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university of Otago

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Law for Change Otago’s kaupapa is to amplify the voices of those less likely to be heard and challenge the injustices that underpin, and are perpetuated by, our current system. By providing opportunities for University of Otago students to give back to their community, we exist as a platform to raise awareness and create spaces for public interest law pathways. In doing so we aim to utilise our privilege for social justice.


Through a combination of projects our executive team and various volunteers lend a hand to different groups within the Ōtepoti community. By donating money, resources and time Law for Change Otago strengthens ties between organisations in need and the legal student body.


We aim to exist as an awareness and activation space for social justice issues, law reform, current events and global inequality. Through various mediums we endeavour to act as a megaphone for the voices of those who are silenced due to the systems that govern Aotearoa.


Law for Change Otago engages in public interest law by running events, facilitating and participating in korero and hosting volunteer programmes. By recognising and weaponising our privilege we strive to educate, advocate and lobby for social justice.  


Ma tini ma mono ka rapa te whai. By joining together we will succeed.






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Meet the Team
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hannah skelton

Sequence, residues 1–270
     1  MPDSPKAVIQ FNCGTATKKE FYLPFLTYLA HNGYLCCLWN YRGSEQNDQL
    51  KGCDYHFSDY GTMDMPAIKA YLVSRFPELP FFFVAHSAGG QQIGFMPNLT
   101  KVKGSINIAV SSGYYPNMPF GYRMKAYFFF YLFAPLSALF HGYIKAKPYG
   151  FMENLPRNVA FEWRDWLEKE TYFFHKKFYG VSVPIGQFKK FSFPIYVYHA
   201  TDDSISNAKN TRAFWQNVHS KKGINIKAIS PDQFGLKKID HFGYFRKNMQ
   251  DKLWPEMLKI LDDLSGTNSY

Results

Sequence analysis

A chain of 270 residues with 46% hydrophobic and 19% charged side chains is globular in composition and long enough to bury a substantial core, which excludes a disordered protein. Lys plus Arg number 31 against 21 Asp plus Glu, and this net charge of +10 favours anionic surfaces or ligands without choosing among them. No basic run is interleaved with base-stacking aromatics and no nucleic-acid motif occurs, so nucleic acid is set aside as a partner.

jessie smalberger

Vice President
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kelsey mitchell

georgia thompson

Social Secretary
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carrie wooller


Law Reform Leader
Social Representative
General Exec Member

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Bianca hawkins

Legal Education Leader
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Project Leader
Project Leader

Law for Change Otago facilitates and collaborates to put on numerous events through out the year, from bake sales, to quiz nights, community volunteer initiatives, and social justice engagement workshops and evenings. 

We would love to see you there! The best way to stay updated and ensure you do not miss out is to keep up through our Facebook or Instagram. 

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Law for Change Otago runs rehabilitative programmes at the Otago Corrections Facility. Around 25 law students are selected each year to run programmes such as creative writing, volleyball and art classes for the men at the prison. These programmes allow men in the criminal justice system to have a positive experience with student lawyers. Similarly, it provides law students with an opportunity to see what life is like for some people they may work with in the future. The effect is that both sides of the criminal justice system are humanised for the other. The programmes are often the highlight of the week for the men in the Corrections Facility, and the volunteers find the experience extremely fulfilling and rewarding.